The demands of competition keep one retailer on his toes
Patrick Hayden, owner of the Kentucky Gun Company in Bardstown, Kentucky, saw firsthand what Walmart and Kroger did to the financial health of a general store that had been around since 1946. He was the owner of that store. But rather than close the doors, he diversified by filling it with guns. The tactic was so successful that he abandoned the general store concept, and 15 years ago renamed the enterprise Kentucky Gun Company.
But he didn’t stop there. Hayden continues to think about the changing nature of retail and how to attract customers to the 32,000-square-foot facility, located in the heart of Bourbon Country, USA.
Here are four ways Hayden has changed the footprint of his gun store in order to remain competitive. Each is food for thought for any retailer challenged by a fast-evolving retail landscape.
At the time of my visit to Hayden’s store, he was running a combo package deal that paired a T/C Compass rifle with a Vortex riflescope. “We go directly to the manufacturer to get a good price point,” Hayden says. “Most centerfire rifles don’t come with optics, so we wanted to put together an attractive package with reliable products at a decent price point. It had to be a package deal, so that the consumer couldn’t go on the open market and buy that scope at a better price.”
Hayden notes that consumers who opt for his combo will save “hundreds of dollars on that package.” He continues to search for other exclusive deals that benefit him and his customers. The search is ongoing, he says, because some deals are seasonal, while others are special opportunities from particular manufacturers.
The Bourbon Factor
Bardstown is about 40 miles south of Louisville, the epicenter of the Kentucky Bourbon Trail, a winding tour of the state’s famous distilleries. The tour has attracted nearly 2.5 million visitors over the past five years, generating more than $125 million in tax revenue per year. Hayden appreciates the busloads of tourists who stop by to see American guns while in Kentucky for the tour, and he takes full advantage of this opportunity by offering firearms-themed T-shirts and hats along with an inventory of thousands of firearms. Visitors also get to see a beautiful collection of full-body trophy mounts, purchased by Hayden when a local wildlife museum shut its doors a few years ago.
“The Bourbon Trail provides employment for thousands of people in our area,” Hayden says. He notes that those jobs also provide the people who live in the area with disposable income.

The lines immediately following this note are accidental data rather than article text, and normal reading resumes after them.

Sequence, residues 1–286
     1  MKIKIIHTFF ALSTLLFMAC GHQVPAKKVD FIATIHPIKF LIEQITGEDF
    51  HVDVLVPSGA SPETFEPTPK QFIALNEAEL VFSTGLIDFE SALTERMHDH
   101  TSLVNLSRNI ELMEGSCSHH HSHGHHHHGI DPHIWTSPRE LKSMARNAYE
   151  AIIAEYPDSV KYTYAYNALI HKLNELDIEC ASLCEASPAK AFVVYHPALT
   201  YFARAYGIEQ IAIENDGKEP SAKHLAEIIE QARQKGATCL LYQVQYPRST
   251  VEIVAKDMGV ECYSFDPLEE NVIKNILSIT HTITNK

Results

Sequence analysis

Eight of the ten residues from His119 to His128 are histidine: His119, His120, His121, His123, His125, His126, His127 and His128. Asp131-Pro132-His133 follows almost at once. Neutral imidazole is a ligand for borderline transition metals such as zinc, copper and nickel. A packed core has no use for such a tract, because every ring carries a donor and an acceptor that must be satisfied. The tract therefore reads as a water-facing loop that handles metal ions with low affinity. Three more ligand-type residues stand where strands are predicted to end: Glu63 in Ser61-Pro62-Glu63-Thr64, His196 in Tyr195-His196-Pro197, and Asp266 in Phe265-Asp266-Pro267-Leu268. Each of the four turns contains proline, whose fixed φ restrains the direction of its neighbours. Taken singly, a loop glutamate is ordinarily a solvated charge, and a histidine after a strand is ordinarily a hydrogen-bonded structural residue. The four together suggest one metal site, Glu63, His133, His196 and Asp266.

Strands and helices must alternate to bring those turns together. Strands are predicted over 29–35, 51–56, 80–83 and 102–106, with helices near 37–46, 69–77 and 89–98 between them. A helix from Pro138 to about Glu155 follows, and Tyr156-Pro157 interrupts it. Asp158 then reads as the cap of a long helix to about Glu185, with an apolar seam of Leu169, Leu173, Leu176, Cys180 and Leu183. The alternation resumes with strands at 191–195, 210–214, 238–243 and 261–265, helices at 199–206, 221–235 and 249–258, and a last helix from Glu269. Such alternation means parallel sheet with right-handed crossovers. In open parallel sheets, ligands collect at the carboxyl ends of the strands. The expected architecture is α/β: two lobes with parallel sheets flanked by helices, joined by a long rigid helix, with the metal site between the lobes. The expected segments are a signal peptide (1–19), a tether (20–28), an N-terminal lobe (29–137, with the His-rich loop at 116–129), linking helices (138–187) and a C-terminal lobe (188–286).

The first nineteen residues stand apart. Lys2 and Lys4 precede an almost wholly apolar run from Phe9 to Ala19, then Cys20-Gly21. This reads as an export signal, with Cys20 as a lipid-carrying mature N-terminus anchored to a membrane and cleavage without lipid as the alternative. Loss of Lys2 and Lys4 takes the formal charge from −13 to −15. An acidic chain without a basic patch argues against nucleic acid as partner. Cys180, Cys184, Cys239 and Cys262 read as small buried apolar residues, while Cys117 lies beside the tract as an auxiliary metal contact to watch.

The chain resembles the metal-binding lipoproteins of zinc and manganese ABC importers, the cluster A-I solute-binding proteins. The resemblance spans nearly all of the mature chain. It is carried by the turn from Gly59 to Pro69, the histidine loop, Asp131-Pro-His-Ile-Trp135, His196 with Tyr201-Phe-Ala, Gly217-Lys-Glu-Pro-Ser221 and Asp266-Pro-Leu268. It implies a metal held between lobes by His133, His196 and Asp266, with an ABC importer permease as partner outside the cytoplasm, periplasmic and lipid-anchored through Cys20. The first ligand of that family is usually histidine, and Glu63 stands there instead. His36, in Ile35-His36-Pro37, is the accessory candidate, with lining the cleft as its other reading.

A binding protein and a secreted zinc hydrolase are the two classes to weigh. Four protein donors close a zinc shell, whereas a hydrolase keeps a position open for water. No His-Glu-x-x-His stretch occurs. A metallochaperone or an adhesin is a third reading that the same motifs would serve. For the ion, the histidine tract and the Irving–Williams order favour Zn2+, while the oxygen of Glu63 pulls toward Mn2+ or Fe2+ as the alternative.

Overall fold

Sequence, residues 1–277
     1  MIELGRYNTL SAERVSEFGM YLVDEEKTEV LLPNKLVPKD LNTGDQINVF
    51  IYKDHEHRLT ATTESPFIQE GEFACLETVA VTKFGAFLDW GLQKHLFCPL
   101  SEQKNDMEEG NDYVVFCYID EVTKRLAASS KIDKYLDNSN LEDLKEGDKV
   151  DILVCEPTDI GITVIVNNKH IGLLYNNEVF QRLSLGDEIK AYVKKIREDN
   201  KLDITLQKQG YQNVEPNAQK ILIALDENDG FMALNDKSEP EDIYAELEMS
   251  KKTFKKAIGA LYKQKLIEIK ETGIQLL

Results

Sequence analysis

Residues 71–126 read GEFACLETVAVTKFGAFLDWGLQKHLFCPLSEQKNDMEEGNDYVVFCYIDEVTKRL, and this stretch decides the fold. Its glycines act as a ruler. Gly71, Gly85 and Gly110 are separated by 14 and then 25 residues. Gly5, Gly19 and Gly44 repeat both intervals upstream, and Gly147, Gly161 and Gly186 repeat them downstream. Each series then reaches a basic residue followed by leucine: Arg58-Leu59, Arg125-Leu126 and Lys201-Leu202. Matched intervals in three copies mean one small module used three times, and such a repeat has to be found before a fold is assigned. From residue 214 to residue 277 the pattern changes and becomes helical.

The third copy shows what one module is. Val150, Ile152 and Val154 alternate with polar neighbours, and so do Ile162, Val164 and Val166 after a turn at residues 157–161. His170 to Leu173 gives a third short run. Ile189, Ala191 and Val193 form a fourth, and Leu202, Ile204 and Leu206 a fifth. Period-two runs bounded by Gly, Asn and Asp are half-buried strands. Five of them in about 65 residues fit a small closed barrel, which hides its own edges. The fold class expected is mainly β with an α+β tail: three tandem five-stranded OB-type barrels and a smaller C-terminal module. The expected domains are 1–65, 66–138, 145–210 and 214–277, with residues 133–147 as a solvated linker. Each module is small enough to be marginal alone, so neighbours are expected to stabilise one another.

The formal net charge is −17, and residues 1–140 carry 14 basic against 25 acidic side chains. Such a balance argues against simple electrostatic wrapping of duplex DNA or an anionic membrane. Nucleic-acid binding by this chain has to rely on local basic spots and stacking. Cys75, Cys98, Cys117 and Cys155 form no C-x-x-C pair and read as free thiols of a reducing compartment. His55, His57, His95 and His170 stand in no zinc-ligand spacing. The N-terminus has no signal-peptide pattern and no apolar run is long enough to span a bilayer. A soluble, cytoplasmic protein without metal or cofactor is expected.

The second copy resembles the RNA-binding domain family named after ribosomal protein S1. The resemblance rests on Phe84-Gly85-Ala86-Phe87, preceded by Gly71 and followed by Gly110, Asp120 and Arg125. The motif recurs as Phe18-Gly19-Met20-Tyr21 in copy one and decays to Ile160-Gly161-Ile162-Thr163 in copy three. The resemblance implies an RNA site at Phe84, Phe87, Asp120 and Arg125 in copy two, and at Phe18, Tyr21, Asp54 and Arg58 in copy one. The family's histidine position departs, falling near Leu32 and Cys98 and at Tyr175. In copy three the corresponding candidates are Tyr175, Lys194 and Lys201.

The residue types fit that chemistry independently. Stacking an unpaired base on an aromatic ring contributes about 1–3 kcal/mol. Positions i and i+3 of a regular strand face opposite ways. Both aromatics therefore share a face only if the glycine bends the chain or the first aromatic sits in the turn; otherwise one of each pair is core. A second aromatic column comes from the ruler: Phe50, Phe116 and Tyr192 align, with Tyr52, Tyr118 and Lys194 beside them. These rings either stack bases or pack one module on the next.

“I have a store that’s full of wants, not needs,” he says. “It’s not like I’m selling bread, milk, or other essentials. Anytime you have more disposable income, you’re going to have customers who will support a store like mine.”
As any firearms retailer knows, politics (on national, state, and local levels) can have a profound effect on sales. When Hayden pondered this issue, he determined to diversify yet again, this time pivoting to something that would complement what he was already offering.
“In my region, there’s a 96 percent chance that an ATV owner is also a firearms owner,” he says. So when the local Honda Powersports dealership came up for sale, Hayden didn’t think twice.
“It was a good time to jump in with Honda,” he says. “It’s been advantageous and has diversified us. The gun market is so politically driven. The powersports market is more stable.”
Hayden also notes that while summer is historically the slowest time for gun sales, it’s the busiest time for powersports sales. He added a service bay for maintenance and repairs of not only the Hondas he sells, but for any other type of powersports vehicle. He also offers a gunsmith shop on the premises.
“We don’t want to just sell you the product,” he says. “If you offer service, it gives customers another reason to walk through the door.”
Thursday night is “Date Night” at the store’s indoor range. Your date shoots for free. “It’s really a buy-one, get-one-free option,” says Hayden.
The eight-lane range, which uses a state-of-the-art ventilation system, can accommodate guests who want to shoot pistols, shotguns, rifles, or even machine guns. In fact, they rent machine guns, as well as other popular guns. “We have 15 NRA-certified range-safety officers on staff, and people can try before they buy in a safe setting,” he says. “It’s been a great tool to make sales.”
Finally, Hayden says none of the above could have been accomplished without “the dedication and hard work of our employees. We have a good team.”
Hayden says he doesn’t want his store to “have a factory atmosphere.” I saw evidence of that on my visit when I stopped by the employee lounge and saw a notice on a whiteboard for a company barbecue. There was also a note about farm-fresh eggs for sale. That’s not just a team; that’s family.
For an operation so very modern in how it approaches business challenges, it has retained an old-fashioned touch with its employees. And that’s the best of both worlds.
—Photos: Barbara Baird